Every once in a while things will happen in my life that will put my brain in lockdown or snap me back to reality. The recent death of Jerry Lofstrom, and the ensuing funeral service, hit me like a giant tree falling to earth, exploding like a bomb.
My wife, Karen, and I made a rare venture last week into this messed up world to show our respect to Jerry and his family at services held January 8, at the old First Baptist Church on North Palmer Street. Jerry’s coffin was covered with an American flag and surrounded by flowers and photo collections from Jerry’s life. The church’s oversized projector showed more photos accompanied by songs chosen by the family. Jerry’s wife Marti courageously greeted all who attended with a smile and words of appreciation for their being there. Their son Jeremy sat in the front row with his mother, his wife Heather, and other family members. Jeremy was devastated. Throughout the very touching ceremony the beloved son sat with his head down, undoubtedly overwhelmed by it all. Who could blame him. Jerry was special.
Pastor Brian Stowe led the service with a professional and softened style that helped ease the pain of such an event. Amongst the songs and prayers, he introduced three speakers, City Commissioner Mike Sparkman, City Manager Bill McDaniel and Plant City Police Chief James Bradford, who shared their various experiences each had with Jerry. Then, close to the end of the service, Stowe asked for comments from those present that might personalize their memories of Jerry. Several people responded, but regretfully I chose not to be among them.
Normally my hand would have been first in the air. But, as I sat there considering what I could say about my longtime friend, the words just wouldn’t come. Two years ago, without warning, my writing and speaking skills disappeared, and while I didn’t understand it, I wondered if it would ever return. The day after the funeral, worrying over the sadness most obviously felt by Marti, Jeremy and the family, the sound of that giant tree-fall began filling my brain. This obit story is my way of snapping back to life.
Jerry and I first met in February of 1999, when I became the reporter for The Courier, Plant City’s local paper that was in continuous operation for over 100 years. I was proud to be a part of that lineage. Jerry, who was my age, was quick to offer his service as a tour guide, introducing me to men and women around town that he felt I should get to know. Several weeks later I stopped by The Whistle Stop Café for a light lunch and conversation. Jerry and Marti were quickly building the business into a must see and enjoy location for locals and visitors alike. The café would soon become an iconic landmark in a small town incorporated in 1885 and named after the railroad magnate Henry B. Plant.
While Jerry and I were talking that day he asked Marti to come over and say hello. She, as always, was gracious, sweet and personable. Once Marti left our table to look after other customers, I quietly asked Jerry, “Why didn’t you tell me you were married to a movie star?” Marti’s resemblance to Halle Berry is striking. Jerry’s face lit up like a Christmas tree. He said Marti was the greatest gift in his life. We agreed that he couldn’t possibly deserve her as a lifetime mate. She, in my opinion, is why Jerry was always so quick to smile. He knew his life was blessed. And he knew how it was so.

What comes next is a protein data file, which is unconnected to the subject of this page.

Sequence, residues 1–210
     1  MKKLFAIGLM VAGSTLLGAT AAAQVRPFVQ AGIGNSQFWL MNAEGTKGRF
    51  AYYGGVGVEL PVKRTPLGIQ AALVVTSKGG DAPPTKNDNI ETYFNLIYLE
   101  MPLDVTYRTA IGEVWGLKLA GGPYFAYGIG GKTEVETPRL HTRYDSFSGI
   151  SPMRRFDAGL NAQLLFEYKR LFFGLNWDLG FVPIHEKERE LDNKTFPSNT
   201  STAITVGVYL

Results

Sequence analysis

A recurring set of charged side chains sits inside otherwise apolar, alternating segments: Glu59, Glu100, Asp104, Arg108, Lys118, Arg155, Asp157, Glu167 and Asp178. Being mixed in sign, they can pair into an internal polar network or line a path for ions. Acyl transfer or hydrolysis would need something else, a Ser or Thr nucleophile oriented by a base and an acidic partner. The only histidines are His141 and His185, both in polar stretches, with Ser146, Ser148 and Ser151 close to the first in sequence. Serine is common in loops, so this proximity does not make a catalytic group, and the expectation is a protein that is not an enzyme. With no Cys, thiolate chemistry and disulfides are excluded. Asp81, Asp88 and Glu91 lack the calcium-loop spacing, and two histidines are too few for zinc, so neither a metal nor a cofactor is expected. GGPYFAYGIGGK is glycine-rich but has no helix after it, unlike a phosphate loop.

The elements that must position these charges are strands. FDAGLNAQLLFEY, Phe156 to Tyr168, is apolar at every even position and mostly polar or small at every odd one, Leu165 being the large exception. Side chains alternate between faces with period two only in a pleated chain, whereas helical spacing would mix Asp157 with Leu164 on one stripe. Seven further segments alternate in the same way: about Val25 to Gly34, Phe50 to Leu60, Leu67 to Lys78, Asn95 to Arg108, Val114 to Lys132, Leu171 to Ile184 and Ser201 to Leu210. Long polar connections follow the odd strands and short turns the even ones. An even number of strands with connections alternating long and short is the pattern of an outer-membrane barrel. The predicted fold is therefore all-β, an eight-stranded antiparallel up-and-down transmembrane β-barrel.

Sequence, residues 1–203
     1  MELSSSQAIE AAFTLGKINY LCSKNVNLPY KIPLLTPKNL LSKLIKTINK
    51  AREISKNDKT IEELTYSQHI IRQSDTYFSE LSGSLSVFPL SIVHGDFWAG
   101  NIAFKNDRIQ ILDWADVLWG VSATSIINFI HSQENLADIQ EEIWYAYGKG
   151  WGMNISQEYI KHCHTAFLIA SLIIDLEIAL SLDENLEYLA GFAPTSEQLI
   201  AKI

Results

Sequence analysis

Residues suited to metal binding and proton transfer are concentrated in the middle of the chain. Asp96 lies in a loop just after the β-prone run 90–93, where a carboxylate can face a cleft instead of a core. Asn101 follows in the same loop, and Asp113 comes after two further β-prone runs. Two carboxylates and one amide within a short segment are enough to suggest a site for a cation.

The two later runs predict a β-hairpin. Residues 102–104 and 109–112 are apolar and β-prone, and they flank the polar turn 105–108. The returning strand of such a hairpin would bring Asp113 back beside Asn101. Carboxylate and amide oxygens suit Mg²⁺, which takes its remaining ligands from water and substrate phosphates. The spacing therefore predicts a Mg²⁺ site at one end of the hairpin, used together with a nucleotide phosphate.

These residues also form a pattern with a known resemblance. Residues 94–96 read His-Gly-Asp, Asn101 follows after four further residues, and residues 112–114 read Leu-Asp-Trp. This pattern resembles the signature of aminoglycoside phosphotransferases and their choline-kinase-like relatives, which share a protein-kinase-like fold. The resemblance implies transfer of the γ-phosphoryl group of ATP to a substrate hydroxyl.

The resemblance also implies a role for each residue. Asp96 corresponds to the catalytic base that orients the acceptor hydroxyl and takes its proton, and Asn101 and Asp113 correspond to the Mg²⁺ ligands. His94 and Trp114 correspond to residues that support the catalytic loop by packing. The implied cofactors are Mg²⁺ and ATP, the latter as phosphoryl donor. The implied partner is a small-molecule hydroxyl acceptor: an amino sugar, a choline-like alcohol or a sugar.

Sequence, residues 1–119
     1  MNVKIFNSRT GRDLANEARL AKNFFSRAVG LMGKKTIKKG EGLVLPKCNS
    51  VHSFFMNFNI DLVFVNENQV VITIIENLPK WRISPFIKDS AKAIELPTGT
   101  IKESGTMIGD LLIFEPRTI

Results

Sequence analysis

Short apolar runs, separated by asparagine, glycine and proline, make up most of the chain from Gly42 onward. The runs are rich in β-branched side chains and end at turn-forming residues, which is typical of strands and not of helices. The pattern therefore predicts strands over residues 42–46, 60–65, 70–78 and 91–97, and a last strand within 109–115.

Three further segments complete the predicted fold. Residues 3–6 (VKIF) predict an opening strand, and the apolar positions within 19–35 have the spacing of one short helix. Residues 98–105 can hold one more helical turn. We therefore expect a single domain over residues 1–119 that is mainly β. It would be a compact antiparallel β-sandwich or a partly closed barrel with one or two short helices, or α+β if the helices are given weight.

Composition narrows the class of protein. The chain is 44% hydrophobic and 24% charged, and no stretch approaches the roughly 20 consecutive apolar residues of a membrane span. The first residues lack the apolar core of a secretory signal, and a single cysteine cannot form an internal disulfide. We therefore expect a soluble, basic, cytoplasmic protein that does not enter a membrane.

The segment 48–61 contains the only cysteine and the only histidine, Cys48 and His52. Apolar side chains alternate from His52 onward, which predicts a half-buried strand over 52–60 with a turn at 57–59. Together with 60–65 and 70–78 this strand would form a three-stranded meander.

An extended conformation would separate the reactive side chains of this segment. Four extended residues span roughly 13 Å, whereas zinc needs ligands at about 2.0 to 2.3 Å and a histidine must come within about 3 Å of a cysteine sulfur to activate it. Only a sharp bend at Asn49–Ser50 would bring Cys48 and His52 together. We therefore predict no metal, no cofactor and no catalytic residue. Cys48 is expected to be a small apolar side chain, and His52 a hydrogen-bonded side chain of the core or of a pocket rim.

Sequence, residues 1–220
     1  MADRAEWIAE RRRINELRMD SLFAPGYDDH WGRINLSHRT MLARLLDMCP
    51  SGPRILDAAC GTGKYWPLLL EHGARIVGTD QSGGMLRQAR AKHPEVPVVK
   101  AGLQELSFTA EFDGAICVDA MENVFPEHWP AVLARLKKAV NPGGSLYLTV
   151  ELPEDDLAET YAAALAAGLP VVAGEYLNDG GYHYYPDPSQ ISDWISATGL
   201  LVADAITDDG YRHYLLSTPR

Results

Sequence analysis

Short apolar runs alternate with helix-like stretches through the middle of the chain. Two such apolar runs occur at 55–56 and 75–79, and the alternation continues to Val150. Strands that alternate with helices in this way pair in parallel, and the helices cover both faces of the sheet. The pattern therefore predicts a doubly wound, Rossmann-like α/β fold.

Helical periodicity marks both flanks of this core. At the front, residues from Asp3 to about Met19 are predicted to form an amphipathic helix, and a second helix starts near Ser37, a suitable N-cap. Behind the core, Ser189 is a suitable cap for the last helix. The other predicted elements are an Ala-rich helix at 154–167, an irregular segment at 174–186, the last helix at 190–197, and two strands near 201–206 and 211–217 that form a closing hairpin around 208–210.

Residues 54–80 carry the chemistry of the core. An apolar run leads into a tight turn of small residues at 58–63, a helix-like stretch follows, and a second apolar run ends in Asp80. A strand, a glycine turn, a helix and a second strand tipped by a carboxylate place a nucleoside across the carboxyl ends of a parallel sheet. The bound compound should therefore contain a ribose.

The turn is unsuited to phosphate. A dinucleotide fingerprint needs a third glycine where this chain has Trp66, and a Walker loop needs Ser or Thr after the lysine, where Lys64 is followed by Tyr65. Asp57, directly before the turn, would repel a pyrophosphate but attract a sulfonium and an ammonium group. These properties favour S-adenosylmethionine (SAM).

Oftentimes Jerry would call me to the restaurant to discuss happenings around town that might make a good story in The Courier. We would spend the time talking about city government, businesses around town, the Chamber of Commerce, the Downtown Merchants Association, and persons in the news. Eventually I convinced him that some of his story ideas could only be written by him. That is when he began sending opinion pieces to The Courier and Tampa Tribune.
Eventually it became obvious that Jerry’s writing style was frank and unafraid of stirring the waters. His opinion regarding the city’s Mid-Town project left him impatient and confused about its future. He once called Plant City Stadium on Park Road a ‘white elephant,’ disregarding a history that included a 10-year spring training home of the Cincinnati Reds, which brought major league players from both leagues from 1988 through 1997 to the city. The stadium also encouraged the International Softball Association to select Plant City as its world home base, and it was a two-year home for a weather-soaked team in the United States women’s professional softball league. One day Jerry will have his way. The city will demolish the stadium. But this particular white elephant had a wonderful life.
On a side light, a generous grant by state, federal and city coffers made renovations of the former train station on South Palmer Street, the erection of a city parking lot and train observation platform, and the extension of McCall Park, all within a block of the Whistle Stop, a reality. It made for a perfect location for mid-day casual dining. The Whistle Stop was just the right place for it. Jerry and Marti were just the right owners to make it all work. The café is now well known throughout the county and beyond. It is a large part of the family’s legacy, and we can all say ‘thank you’ for their effort.
Within the café’s main dining area Jerry placed a sign that read, “If you are looking for fast food you are in the wrong place. Please come back when you have more time.”
Prior to my retirement in 2013 someone told me to be careful with Jerry. “He wants to take your job.” Actually, Jerry’s writing style was better suited for the New York Times. He and I laughed about that truth many times. Jerry loved Plant City and the people in it. Well, most of them. He knew a lot of people, thus he knew a lot of secrets, which he kept to himself for the most part, but I’ll never tell.
Jerry will definitely be missed by me and all who knew him well.